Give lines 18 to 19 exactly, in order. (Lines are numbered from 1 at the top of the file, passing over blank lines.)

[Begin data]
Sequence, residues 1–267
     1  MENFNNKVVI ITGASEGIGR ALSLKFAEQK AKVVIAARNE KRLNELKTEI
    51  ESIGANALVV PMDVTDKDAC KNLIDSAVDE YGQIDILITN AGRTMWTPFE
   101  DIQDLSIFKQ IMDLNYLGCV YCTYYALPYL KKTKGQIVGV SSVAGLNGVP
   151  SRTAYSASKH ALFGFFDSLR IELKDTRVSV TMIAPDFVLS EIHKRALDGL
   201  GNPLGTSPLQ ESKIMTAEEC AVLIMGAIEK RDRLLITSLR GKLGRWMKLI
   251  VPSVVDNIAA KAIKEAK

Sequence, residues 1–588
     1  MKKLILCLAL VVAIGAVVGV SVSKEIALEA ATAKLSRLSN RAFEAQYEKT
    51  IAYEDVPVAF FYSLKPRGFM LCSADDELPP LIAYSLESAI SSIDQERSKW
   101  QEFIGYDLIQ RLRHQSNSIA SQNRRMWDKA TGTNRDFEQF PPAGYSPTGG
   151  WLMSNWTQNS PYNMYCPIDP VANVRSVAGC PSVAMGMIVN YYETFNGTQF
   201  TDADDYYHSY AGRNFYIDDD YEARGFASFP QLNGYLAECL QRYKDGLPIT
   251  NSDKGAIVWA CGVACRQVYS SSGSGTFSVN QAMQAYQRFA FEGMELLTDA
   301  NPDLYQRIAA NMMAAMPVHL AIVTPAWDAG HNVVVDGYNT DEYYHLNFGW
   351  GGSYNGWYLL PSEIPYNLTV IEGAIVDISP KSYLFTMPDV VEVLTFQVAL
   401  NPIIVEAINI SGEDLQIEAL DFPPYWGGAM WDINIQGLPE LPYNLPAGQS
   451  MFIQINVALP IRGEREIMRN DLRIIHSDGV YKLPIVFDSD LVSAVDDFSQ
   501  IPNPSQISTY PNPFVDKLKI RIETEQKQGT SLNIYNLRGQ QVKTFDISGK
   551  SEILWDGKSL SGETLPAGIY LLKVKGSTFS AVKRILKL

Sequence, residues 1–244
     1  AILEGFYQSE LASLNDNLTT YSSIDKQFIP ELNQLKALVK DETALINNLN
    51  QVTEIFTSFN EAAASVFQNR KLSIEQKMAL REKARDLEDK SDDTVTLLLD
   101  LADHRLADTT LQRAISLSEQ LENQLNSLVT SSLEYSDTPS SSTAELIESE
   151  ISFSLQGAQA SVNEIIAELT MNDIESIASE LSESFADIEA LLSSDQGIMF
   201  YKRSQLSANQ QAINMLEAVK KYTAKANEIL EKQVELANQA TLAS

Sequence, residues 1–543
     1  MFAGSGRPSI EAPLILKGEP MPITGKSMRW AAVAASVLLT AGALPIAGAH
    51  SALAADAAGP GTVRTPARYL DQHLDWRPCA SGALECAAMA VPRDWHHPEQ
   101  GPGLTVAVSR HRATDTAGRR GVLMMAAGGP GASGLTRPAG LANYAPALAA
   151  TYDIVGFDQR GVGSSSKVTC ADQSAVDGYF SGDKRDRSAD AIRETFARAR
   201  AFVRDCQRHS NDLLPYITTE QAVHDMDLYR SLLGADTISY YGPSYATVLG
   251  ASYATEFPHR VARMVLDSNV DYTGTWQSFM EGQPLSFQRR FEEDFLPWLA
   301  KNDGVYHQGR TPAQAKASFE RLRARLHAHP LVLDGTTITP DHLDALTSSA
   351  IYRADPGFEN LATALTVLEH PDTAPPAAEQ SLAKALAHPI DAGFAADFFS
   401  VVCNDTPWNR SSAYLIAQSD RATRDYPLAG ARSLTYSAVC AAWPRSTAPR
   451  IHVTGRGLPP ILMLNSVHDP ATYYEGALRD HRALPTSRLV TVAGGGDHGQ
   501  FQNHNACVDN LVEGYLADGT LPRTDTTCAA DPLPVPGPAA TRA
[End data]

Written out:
   451  MFIQINVALP IRGEREIMRN DLRIIHSDGV YKLPIVFDSD LVSAVDDFSQ
   501  IPNPSQISTY PNPFVDKLKI RIETEQKQGT SLNIYNLRGQ QVKTFDISGK